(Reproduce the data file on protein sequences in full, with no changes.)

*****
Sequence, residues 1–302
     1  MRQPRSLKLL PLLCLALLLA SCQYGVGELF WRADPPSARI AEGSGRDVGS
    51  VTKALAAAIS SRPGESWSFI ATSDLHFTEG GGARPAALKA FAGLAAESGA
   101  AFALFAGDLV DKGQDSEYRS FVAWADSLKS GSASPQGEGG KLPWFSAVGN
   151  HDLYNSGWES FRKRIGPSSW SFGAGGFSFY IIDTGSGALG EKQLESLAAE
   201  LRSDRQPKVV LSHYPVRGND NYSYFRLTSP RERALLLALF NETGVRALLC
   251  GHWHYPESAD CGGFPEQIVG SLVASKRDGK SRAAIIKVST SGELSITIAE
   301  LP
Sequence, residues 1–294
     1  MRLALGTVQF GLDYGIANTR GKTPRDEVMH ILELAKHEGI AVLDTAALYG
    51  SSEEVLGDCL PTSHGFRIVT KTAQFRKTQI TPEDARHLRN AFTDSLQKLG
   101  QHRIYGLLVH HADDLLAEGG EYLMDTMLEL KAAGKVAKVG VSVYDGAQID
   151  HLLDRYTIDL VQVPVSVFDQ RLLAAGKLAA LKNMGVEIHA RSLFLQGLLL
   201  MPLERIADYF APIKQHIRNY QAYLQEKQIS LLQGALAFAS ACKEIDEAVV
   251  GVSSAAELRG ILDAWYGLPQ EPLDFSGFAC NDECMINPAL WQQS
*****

Sequence, residues 1–302
     1  MRQPRSLKLL PLLCLALLLA SCQYGVGELF WRADPPSARI AEGSGRDVGS
    51  VTKALAAAIS SRPGESWSFI ATSDLHFTEG GGARPAALKA FAGLAAESGA
   101  AFALFAGDLV DKGQDSEYRS FVAWADSLKS GSASPQGEGG KLPWFSAVGN
   151  HDLYNSGWES FRKRIGPSSW SFGAGGFSFY IIDTGSGALG EKQLESLAAE
   201  LRSDRQPKVV LSHYPVRGND NYSYFRLTSP RERALLLALF NETGVRALLC
   251  GHWHYPESAD CGGFPEQIVG SLVASKRDGK SRAAIIKVST SGELSITIAE
   301  LP
Sequence, residues 1–294
     1  MRLALGTVQF GLDYGIANTR GKTPRDEVMH ILELAKHEGI AVLDTAALYG
    51  SSEEVLGDCL PTSHGFRIVT KTAQFRKTQI TPEDARHLRN AFTDSLQKLG
   101  QHRIYGLLVH HADDLLAEGG EYLMDTMLEL KAAGKVAKVG VSVYDGAQID
   151  HLLDRYTIDL VQVPVSVFDQ RLLAAGKLAA LKNMGVEIHA RSLFLQGLLL
   201  MPLERIADYF APIKQHIRNY QAYLQEKQIS LLQGALAFAS ACKEIDEAVV
   251  GVSSAAELRG ILDAWYGLPQ EPLDFSGFAC NDECMINPAL WQQS